Twitter launches group messages, 30-second video sharing

The social network follows through on its plan to refine and expand its capabilities, as the pressure to boost user growth continues.

Twitter is integrating video clips, starting Tuesday. Twitter

Twitter is expanding the features of its apps and website yet again, this time adding group messages and 30-second videos.

In November, Twitter said it would create a way for people to privately send messages to groups -- instead of just to individuals -- as well as expand its video offerings. Starting Tuesday, those features will be available to customers on most devices, including those from Apple and those powered by Google's Android operating system.

The refinements come as fears continue to build about Twitter's ability to expand both its number of users and their activity while also attracting advertisers. The company has grappled with inconsistent user growth, most recently tallying 284 million users who logged into the site at least once a day in the third quarter -- a 23 percent jump from a year earlier.

Investors, who aren't convinced that Twitter can keep boosting user growth, have pushed down the company's stock more than 35 percent over the past year.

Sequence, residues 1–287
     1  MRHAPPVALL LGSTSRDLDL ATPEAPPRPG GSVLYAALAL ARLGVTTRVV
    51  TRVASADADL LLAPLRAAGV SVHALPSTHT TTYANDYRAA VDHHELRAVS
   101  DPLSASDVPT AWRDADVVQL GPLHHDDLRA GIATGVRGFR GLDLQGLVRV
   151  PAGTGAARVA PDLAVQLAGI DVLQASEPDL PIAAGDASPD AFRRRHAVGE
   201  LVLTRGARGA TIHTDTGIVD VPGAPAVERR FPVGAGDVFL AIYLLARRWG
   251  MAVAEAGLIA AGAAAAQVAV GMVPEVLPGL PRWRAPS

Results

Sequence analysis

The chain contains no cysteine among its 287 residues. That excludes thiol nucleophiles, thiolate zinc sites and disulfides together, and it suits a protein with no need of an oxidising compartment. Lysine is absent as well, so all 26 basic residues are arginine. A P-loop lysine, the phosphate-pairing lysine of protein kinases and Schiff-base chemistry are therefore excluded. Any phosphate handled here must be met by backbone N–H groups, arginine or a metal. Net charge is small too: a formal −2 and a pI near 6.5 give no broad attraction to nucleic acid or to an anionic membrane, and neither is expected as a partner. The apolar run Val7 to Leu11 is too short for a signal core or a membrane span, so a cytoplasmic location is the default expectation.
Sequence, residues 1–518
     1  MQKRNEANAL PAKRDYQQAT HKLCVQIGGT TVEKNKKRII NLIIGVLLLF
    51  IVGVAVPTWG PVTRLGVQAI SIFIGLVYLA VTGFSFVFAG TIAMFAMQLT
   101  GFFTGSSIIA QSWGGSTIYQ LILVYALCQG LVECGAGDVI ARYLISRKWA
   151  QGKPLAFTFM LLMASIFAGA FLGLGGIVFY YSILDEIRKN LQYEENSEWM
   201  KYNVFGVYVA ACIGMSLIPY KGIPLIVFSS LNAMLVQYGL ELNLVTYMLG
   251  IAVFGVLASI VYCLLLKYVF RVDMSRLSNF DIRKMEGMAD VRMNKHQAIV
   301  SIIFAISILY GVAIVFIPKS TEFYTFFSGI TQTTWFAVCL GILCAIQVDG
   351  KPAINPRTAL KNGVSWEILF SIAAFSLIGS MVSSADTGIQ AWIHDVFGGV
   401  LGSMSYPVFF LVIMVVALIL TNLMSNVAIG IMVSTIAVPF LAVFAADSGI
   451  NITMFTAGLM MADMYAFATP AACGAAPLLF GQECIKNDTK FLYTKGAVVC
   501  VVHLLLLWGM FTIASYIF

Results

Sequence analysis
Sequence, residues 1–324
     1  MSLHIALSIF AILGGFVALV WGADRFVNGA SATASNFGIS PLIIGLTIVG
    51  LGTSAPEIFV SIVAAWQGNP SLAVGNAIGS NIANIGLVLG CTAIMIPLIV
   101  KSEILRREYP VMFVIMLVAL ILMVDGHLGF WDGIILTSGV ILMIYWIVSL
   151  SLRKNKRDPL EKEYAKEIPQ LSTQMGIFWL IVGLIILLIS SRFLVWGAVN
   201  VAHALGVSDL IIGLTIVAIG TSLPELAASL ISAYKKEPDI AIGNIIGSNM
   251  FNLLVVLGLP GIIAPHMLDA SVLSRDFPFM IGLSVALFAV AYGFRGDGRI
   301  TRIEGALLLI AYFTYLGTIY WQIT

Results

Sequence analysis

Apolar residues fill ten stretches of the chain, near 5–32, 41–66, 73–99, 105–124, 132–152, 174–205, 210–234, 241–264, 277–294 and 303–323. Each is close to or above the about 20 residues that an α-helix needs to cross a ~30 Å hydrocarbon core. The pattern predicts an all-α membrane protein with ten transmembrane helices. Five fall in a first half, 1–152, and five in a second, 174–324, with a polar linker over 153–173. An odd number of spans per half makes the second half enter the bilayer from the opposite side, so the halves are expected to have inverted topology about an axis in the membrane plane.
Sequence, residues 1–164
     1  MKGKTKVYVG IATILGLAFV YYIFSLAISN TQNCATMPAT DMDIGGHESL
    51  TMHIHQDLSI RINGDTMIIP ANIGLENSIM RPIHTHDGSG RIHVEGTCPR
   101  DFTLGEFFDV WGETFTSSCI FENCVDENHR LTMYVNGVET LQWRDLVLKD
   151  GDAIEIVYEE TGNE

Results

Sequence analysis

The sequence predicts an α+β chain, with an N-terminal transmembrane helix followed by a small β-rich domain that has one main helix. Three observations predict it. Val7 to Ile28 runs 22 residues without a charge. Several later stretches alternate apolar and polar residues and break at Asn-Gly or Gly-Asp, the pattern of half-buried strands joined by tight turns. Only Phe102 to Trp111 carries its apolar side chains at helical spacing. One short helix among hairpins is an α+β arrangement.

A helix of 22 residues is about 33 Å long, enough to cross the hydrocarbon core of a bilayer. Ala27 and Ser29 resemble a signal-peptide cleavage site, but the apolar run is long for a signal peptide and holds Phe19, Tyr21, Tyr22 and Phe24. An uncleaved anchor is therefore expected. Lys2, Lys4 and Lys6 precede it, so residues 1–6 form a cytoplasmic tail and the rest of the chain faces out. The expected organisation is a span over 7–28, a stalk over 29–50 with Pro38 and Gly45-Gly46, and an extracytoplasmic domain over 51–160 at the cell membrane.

By letting people shoot, edit and post their own videos from within the Twitter app, the company has a potential to both attract advertisers and increase usage of its platform. Twitter focused its engineering efforts on making it as easy as possible for people to shoot and share video, said Jinen Kamdar, a product director the social network.

"We are optimizing for quick and instant sharing," he said.

Twitter bought video-sharing service Vine in 2012. Vine, a standalone app, has gained millions of users by letting people post six-second videos.

Twitter's new group message feature launches Tuesday. Twitter

The expanded direct-messages feature will make it easier for groups of people to communicate privately, Kamdar said. Facebook has similar features focused on connecting friends and family. Twitter's offering differs by allowing its users to remain anonymous.

"The thing that makes Twitter unique is that the people you interact with are people you may not know," Kamdar said. Having the capability to communicate in chats away from the public stream will appeal to some users.

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